Repairing the mirrors on my mirrored vanity?
September 19, 2019 10:49 AM   Subscribe

I have an old little vanity table that I'd like to repair.

It has black spots on the edges of the mirrors and in various other places on the mirrors. In some spots it's transparent (the top isn't glued on anymore so I slid it off its base and I could see my finger through it) but also because the mirror part is eroded there's the black stuff exposed.

I'd like to fix it if it wouldn't be too difficult. I think there's a spray of mirrored stuff I can buy? How does that work? What happens to the places where the black backing is showing? What is that black stuff, anyway, and how does it relate to the mirror surface?

Any advice much appreciated!
posted by DMelanogaster to Home & Garden (2 answers total)
Older mirrors use a silvering process, where a solution of silver is painted onto the mirror, then lacquered to seal it and prevent tarnish. Re-silvering is the process of refinishing old mirrors, but the process produces toxic by-products, and is getting hard to find. Look for "mirror reslivering service" in your area - but be warned it's not cheap!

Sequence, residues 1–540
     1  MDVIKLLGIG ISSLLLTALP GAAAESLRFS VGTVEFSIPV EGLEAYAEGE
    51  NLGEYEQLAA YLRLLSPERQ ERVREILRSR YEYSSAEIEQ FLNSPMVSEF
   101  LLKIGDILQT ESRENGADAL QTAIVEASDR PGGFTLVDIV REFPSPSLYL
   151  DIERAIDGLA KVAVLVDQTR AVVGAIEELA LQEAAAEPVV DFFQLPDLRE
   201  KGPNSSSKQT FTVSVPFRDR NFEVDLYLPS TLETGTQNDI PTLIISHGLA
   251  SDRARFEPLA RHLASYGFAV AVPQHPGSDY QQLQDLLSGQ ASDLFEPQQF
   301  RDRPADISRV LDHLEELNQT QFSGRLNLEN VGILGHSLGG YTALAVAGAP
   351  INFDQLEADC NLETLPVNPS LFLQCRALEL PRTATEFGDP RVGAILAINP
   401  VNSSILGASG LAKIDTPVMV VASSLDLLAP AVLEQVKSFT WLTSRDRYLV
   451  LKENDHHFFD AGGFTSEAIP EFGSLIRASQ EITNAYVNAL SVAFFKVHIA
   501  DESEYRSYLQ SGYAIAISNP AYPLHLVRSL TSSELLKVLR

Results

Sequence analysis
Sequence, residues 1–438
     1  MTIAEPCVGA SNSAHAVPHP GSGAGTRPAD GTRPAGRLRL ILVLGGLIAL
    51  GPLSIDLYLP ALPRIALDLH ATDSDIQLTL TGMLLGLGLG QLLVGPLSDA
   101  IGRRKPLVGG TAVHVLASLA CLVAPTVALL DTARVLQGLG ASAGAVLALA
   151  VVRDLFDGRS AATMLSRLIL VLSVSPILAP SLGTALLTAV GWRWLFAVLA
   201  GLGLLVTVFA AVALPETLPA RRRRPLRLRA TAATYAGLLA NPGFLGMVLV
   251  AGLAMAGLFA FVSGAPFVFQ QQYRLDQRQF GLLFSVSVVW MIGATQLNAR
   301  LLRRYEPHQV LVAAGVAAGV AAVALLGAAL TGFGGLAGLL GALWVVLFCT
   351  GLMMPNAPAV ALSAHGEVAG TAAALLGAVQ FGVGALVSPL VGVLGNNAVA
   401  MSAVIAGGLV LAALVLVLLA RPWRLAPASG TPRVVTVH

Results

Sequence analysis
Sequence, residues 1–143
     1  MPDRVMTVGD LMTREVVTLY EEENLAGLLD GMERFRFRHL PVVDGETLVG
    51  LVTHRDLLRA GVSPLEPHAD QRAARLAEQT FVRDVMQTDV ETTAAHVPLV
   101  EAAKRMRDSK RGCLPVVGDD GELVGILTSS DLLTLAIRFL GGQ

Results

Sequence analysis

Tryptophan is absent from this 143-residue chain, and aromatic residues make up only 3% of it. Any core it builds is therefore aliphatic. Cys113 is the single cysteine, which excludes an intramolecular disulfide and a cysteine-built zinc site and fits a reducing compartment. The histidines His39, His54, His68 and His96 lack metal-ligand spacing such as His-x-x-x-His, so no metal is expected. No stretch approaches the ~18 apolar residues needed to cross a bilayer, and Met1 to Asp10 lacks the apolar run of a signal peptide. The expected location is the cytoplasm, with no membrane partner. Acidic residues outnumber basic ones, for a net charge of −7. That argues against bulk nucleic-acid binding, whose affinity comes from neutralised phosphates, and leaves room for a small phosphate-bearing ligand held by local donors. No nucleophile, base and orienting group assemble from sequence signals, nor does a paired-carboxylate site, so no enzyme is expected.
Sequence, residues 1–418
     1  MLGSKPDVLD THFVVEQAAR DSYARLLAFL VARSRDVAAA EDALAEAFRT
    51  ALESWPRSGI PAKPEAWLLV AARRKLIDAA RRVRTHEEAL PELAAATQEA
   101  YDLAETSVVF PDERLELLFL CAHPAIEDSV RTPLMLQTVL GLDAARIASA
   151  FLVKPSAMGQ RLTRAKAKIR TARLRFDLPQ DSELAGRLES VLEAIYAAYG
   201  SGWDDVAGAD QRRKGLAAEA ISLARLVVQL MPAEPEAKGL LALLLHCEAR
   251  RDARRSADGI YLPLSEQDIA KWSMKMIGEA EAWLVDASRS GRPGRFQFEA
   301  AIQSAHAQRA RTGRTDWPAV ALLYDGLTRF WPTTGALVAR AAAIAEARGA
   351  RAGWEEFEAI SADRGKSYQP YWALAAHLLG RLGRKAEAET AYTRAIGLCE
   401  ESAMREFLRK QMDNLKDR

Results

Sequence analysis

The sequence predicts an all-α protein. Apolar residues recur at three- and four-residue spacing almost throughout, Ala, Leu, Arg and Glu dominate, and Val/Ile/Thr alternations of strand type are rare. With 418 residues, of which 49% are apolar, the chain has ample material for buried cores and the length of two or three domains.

I don't know of another way to 'fix' an old mirror like that, reliably. Others might.
posted by dbmcd at 11:07 AM on September 19, 2019

So the easiest fix I've tried for this (other than outright resilvering) is stripping the silver backing from the mirror and putting a thin new mirror that has been cut to the same shape behind the glass once it is clean. You can also just replace the mirror itself, but there is a slight color and glass transparency issue without the old glass. Also lining the clean glass with a new mirror saves any etching or decoration. A new mirror cut like this in Chicago runs around 10-20 bucks a square foot, so it isn't cheap if the mirror is big. You also have to account for the space the new glass takes up. The last time I looked into resilvering it was going to be US$ 30 a sq. ft.

If you wanted something that looked really antique, you could totally strip it and then use silver leaf and gelatin (I am sure there is a tutorial on Youtube), but that is a look that is older and much more rustic than you probably want.

I've not had luck trying to resilver a mirror myself - I can never get the setup, texture, and technique right and it looks bad and cheap. You could try to use a metallic silver spray paint, but the finish is already starting to oxidize and fail and you may end up with a bigger and uglier mess than you bargained for.

As it is, I take a cue from my grandma at this point and have just started letting my mirrors age with me.
posted by Tchad at 11:14 AM on September 19, 2019 [3 favorites]

« Older Good options for wall colour for a plant-filled...   |   University of Waterloo or McGill for MA in... Newer »

You are not logged in, either login or create an account to post comments